Here there are many ways to go. As didymus was saying, it really depends on how one chooses to model the phenomenon. I propose a game where players have different payoff functions. As a matter of fact, having a large number of players with heterogeneous preferences is probably a more realistic model of the phenomenon we are trying to describe and it allows to obtain situations where not everybody get vaccined, but let's try to keep the game as simple as possible. I will assume that the game is simoultaneous, as this is the framework where Nash Equilibrium make sense.
Imagine a game with N players, each of them can choose either VAX or NO-VAX. There is a "herd-immunity" threshold n. Let us divide the players into three groups (A, B and K)
Description of the players:
Assume that a portion A (smaller than N) of them have a payoff function that makes VAX a strictly dominant strategy. These might be people that believe in vaccines no matter what, or people that want to get vaccinated because they are scared of the disease and they want to avoid getting seriously sick.
Assume also that a portion B (small enough that A + B is smaller or equal to N) has NO-VAX as strictly dominant strategy.
Finally, let us say that the rest of the population K (equal to N minus A minus B) is worried about the epidemic aspect of the disease, but these agents don't like the idea of getting vaccined and see the vaccine as a cost (say, -3). Thus, they will take the vaccine if this leads to herd-immunity, but they'd rather not. These agents's payoff functions are as follows:
i) if the total number of people getting the vaccine is above the herd immunity threshold (n), and player i chose NO-VAX, player i gets 10;
ii) if the total number of people getting the vaccine is below herd immunity and player i chose NO-VAX, player i gets 0;
iii) if the total number of people getting the vaccine is above the herd immunity threshold (n), and player i chose VAX, she gets 7;
iv) if the total number of people getting the vaccine is below herd immunity and player i chose VAX, she gets -3;
Nash Equilibrium analysis
Before starting, let us distinguish into different cases. Cases 1, 2 and 3 are immediate and maybe non-interesting, but they show easy ways to obtain Nash Equilibria with heterogeneous behaviors. Skip direclty to case 4 for something more interesting.
- A + B = N (simplest case: all players have str dominant strategies)
In this case, the only Nash Equilibrium is: players in the A group play VAX, players in the B group play NO-VAX. (And this means that if A is smaller than the herd-immunity thershold n, then herd-immunity won't be reached)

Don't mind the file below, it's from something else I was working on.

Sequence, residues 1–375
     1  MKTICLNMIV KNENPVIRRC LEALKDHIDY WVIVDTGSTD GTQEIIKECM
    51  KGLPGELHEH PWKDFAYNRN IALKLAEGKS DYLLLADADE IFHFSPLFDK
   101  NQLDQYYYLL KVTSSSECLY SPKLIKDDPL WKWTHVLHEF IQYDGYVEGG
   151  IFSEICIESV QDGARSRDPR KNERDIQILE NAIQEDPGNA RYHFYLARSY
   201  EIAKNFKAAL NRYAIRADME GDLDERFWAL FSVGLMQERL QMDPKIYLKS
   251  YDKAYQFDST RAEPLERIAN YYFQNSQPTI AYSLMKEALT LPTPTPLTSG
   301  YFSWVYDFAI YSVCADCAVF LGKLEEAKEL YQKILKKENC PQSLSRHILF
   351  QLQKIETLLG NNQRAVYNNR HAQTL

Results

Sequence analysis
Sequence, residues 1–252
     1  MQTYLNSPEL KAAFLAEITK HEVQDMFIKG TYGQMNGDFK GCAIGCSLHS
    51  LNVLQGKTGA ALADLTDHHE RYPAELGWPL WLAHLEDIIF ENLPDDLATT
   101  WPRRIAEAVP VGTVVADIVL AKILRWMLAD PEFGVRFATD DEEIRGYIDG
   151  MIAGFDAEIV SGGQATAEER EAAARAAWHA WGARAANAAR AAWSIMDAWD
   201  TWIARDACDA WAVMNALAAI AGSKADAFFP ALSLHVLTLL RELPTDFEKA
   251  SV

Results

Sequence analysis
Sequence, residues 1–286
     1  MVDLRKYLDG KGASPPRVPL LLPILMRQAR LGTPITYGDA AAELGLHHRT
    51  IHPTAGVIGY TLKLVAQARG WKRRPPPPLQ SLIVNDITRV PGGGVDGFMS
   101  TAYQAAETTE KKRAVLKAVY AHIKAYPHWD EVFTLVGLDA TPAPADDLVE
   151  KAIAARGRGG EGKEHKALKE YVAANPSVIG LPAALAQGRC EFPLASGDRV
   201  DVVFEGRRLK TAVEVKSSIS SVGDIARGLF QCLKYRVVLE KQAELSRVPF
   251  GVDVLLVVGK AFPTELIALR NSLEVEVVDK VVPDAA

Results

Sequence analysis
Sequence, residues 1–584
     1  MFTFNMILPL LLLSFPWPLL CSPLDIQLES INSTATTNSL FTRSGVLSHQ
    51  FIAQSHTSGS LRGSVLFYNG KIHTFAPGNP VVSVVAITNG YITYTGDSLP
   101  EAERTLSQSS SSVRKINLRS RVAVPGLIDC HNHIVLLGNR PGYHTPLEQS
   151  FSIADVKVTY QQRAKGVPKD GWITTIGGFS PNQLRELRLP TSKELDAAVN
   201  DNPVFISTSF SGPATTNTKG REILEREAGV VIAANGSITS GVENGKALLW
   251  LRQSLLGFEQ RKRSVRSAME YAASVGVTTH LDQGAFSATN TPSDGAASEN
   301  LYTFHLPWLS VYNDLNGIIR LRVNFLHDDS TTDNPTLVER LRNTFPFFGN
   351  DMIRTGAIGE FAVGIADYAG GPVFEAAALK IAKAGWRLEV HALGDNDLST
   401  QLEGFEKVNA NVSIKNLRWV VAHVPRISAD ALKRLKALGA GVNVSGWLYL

- A + B < N (some players have no dominant strategy) and K + A < n (herd-immunity cannot be reached)
As before, players in A choose VAX and players in B choose NO-VAX. Since herd-immunity cannot be reached, players in the group K won't get any benefit getting vaccined. Since these agents see getting vaccined as a cost, they will all choose NO-VAX.
- A + B < N (some players have no dominant strategy) and A > n (herd-immunity is automeatically reached, only with agents in group A)
As before, players in A choose VAX and players in B choose NO-VAX. Here there is a (unique, I believe) Nash Equilbrium where all players in A choose VAX, and all players in B and K choose NO-VAX. Agents in K choose NO-VAX because herd-immunity threshold is reached even without them, so they can enjoy the benefit of herd-immunity without bearing the costs of taking the vaccine. (They get 10 with NO-VAX and 7 with VAX, hence no profitable deviation here)
- A + B < N (some players have no dominant strategy) and K + A > n (herd-immunity can be reached)
Here we get to the "interesting" case. As usual, players in group A all choose VAX and those in B all choose NO-VAX.
Now, we assumed that n is the number of vaccinated people that would lead to herd-immunity. So, we need still (n - A) player to choose VAX in order to obtain herd-immunity. There is a nash equilibrium where z (= n - A) players of group K choose VAX and the others choose NO-VAX.
To be sure this is a Nash Equilibrium, we need to check that there is no profitable deviation for a player, GIVEN the actions of the other players. We can focus just on players in group K, as players in group A and B have strictly dominant strategies.
player i is among the z-group (those playing VAX): payoff = 7
Say that player i deviates and plays NO-VAX. What happens? We take others'
actions as given, so there are (z - 1) + A < n players choosing VAX:
herd-immunity is not reached.
Player i obtains a payoff of 0 < 7. Hence, player i has no profitable
player i is not in the z-group (those playing VAX): payoff = 10 (he's playing NO-VAX)
Herd-immunity has already been reached. If player i chooses VAX, he gets
7 < 10. Hence, player i has no profitable deviation.